12 People to Watch in 2009
Our 12 People to Watch in 2009
(page 3 of 11)
By: Greg Ryan
If you’ve seen the television show Mad Men, you know how companies used to define their brand. Men in suits sit around a boardroom table. Men in suits banter about a product until a pithy tag line is agreed upon. Men in suits pat each other on the back, then head out for a three-martini lunch. The customer is nothing but a distant, faceless demographic.
The emergence of Google, Facebook, and Twitter has changed that dynamic, of course. Customers are more in control: With a few mouse clicks, they can write a complimentary product review or blog about an obnoxious sales clerk. Companies are staggering in the pre-dawn darkness of this new world; among those entrepreneurs helping them find the light is Troy resident Lisa Barone, a 27-year-old who prefers a hoodie and jeans to a suit and a café to a boardroom. “It used to be that it was only the big companies that had a platform to talk to people,” she says. ”Now, anyone can.”
Barone is the chief branding officer of Outspoken Media, an Internet marketing start-up she founded with colleagues Rae Hoffman and Rhea Drysdale in January. The trio helps businesses maximize their online presence, teaching them how best to use social networking sites and to influence which links pop up when customers google their name. In less than a year, Outspoken’s revenue growth has increased threefold. Big-time publications such as BusinessWeek and The Wall Street Journal seek out its expertise.
Outspoken’s choice of name is no coincidence. Barone writes a blog at www.outspokenmedia.com, and she isn’t afraid to drop the occasional expletive or call out the demigods of the Internet marketing world. In September, she used a blog post to criticize marketing guru Seth Godin, who had created Web pages featuring the brand information of several hundred major companies, but would only allow the companies to control the pages if they paid Godin’s firm $400 a month. The post garnered more than 150 comments, and two days later Godin changed the policy so that companies needed to give him permission before he’d create a page. “There was this big community outcry that we helped organize,” Barone says. “It was kind of a neat thing for us.”
Elsewhere online, Barone uses her Twitter account to post items both personal and professional. That mixture matches the candid tone she uses in her blog posts, a writing voice that won Barone a 2007 SEMMY search-marketing award in the “LOL Funny” category. (A taste of Barone’s humor, from Twitter: “Wish Facebook would stop suggesting ex-boyfriends as friends. Yes, I know, I thought we were a good suggestion too. Clearly, not.”) At the same time, her informal style has lost Outspoken a few clients, she says. But Barone is confident her personable approach draws more customers than it repels. “By being yourself, you attract more people who are prone to like you,” she says. “I think a Twitter account helps people feel like they know me. People want to have relationships with other people and be treated like a human being.”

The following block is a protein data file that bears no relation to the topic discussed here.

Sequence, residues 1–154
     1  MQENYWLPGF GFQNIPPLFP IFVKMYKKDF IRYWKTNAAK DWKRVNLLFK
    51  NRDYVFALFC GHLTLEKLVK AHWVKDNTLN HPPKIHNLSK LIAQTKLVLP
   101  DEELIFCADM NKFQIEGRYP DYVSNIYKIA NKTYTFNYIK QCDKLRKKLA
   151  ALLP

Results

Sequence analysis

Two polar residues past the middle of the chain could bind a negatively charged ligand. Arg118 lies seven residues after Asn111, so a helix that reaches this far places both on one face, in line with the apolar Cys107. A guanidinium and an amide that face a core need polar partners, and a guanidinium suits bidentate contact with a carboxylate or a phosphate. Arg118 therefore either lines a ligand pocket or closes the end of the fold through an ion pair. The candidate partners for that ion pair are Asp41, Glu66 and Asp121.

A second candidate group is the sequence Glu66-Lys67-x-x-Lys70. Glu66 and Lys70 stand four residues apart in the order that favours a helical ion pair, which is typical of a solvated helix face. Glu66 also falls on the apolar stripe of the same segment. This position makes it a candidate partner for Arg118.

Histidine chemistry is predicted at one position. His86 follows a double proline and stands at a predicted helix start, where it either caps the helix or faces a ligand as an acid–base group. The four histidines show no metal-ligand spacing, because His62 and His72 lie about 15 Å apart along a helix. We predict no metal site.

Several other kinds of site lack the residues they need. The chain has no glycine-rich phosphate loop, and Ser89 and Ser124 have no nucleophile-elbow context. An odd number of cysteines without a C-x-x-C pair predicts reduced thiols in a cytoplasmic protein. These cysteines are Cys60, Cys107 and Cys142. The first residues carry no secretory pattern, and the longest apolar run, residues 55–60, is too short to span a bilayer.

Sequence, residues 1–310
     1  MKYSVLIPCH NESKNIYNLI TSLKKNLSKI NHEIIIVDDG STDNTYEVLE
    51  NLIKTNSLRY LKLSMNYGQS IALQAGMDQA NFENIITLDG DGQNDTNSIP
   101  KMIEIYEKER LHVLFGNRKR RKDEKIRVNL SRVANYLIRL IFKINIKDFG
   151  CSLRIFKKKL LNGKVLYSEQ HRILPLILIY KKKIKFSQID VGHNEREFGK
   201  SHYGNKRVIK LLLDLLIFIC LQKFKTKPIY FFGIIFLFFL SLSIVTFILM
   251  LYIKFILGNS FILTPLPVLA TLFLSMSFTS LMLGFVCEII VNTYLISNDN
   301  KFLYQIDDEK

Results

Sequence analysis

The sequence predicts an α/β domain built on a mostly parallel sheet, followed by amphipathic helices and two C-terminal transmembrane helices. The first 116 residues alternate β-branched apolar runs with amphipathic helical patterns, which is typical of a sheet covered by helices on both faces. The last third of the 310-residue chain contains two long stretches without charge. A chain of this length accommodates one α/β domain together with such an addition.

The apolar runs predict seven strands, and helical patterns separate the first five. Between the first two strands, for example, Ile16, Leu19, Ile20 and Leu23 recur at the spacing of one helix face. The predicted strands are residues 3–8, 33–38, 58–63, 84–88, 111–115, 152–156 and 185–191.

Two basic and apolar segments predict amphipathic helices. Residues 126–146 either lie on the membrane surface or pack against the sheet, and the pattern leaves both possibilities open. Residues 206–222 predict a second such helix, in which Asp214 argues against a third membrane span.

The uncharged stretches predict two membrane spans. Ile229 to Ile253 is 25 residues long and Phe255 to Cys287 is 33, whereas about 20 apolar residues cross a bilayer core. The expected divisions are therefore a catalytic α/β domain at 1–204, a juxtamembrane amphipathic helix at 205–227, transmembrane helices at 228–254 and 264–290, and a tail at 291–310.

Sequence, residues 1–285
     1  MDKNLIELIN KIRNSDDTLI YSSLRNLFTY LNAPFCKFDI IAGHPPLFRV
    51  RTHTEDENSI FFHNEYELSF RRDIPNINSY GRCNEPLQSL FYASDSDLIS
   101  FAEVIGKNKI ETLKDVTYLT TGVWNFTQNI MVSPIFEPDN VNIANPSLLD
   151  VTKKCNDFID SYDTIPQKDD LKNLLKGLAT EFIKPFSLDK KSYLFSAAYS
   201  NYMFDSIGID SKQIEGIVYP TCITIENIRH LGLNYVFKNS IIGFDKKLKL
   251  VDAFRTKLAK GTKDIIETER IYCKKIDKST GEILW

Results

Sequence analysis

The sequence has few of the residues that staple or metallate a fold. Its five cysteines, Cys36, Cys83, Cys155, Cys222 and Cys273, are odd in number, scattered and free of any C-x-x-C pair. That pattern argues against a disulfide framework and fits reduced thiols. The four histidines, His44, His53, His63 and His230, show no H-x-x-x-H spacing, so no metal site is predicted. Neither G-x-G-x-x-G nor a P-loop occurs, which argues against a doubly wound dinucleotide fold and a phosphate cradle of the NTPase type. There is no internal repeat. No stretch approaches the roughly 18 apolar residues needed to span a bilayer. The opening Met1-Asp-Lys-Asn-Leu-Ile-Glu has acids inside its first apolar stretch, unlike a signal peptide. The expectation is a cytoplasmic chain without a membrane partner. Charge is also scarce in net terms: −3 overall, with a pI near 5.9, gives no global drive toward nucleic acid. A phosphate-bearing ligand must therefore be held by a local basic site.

Barone originally envisioned herself as a traditional journalist, not the Internet firecracker she’s become. She graduated from Emerson College in 2004, then journeyed to Los Angeles and found work at a company that happened to be an Internet marketing firm. She was hired as a technical writer, but her job description quickly evolved into something more similar to her role at Outspoken today.
Last year, Barone accepted an offer to work for an Internet company in Troy. (“I’m an East Coast girl,” explains Barone, who grew up on Long Island.) It was there that she met Drysdale, but the pair soon discovered they did not mesh well with their new environment. They resigned on the same day to start Outspoken with Hoffman, whom they knew through the industry. Running a business has proven time-consuming: “I probably work — it’s so sad — 10 to 12 hours a day during the week, and 10 on the weekends,” she says. Barone savors the freedom that comes along with it, though. “As a blogger, I don’t have to worry about a boss who’s going to get mad if I piss off someone,” she says. “We really wanted to do things our way, and I think this is a great vehicle to do that.”
Circumstance may have pulled her to the Hudson Valley, but Barone says she’s found a home in downtown Troy. “I think it’s pretty,” she says. “I’d always loved the city of Boston, and it kind of looks similar.” She travels quite often for Outspoken, including four trips to Las Vegas in the past year for Web conferences. Of course, if you’re Lisa Barone, what happens in Vegas doesn’t stay in Vegas. It goes right up on Twitter.
Click on a name to meet one of our “People to Watch”: